Good Sleep by Rutger Hauser is a folk record from a totally other place. It is far easier to believe that it’s a lost album of the 1970s, the magnum opus of an underground CAN-Cluster-Tangerine Dream-adjacent krautrock group mangling with synthesisers for the first time, than the pensive new record by a band operating in south London today.
Good Sleep is a patient and spacious work, wherein improvised textures and otherworldly sounds glacially wrap themselves around John Harries’ drumming or Lisa Busby’s disembodied vocals. It’s a cryptic album; one that simultaneously evokes lonely cityscapes and dense countryside landscapes with its wilting and swirling soundscapes, and one that rewards repeat listens.
Sonically, the influences on this record are all over the shop. The steady motorik drumming of ‘A Goodbye (In Sunlight)’ is pure NEU!, the hauntological pop of the title track recalls Broadcast, and the discordant soundscape of cello, synths and electronic thudding on ‘Signs in My Hand’ recall the worlds of Twin Peaks: The Return or Mulholland Drive more than anything else. Meanwhile, Busby’s vocals, especially on the icy ‘Sue’ and the singular ‘Martins Hunting…’, channel folk songs from all over the world, from Ireland to Bulgaria and beyond.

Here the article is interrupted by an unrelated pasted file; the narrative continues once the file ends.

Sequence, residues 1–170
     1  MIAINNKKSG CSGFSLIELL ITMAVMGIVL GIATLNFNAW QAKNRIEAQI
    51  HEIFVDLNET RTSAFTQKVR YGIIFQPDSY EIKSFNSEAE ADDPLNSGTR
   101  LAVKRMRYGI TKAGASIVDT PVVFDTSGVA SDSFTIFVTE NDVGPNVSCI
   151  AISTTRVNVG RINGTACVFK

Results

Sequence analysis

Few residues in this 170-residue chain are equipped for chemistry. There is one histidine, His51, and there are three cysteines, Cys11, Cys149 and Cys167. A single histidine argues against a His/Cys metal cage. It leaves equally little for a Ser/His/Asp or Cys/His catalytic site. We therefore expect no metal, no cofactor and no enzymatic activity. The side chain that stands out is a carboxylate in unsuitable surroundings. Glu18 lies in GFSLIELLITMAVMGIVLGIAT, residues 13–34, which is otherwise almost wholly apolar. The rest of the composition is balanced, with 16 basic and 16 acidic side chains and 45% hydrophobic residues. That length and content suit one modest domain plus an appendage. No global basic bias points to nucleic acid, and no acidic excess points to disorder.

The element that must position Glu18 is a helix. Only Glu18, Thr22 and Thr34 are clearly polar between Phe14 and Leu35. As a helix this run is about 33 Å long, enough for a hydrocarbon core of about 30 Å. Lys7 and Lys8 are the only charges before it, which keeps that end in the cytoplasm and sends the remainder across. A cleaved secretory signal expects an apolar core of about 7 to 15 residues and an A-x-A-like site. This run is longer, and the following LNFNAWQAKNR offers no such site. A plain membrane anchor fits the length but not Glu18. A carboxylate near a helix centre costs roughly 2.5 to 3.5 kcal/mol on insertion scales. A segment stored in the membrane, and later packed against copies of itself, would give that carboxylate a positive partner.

Good Sleep is an excellent LP that crash lands in the uncanny valley; a dark ambient album with a full band, or perhaps a post-punk record that’s been lost in the woods for so goddamn long it’s forgotten its own name. The album is a real mystery – one that’s definitely worth unravelling.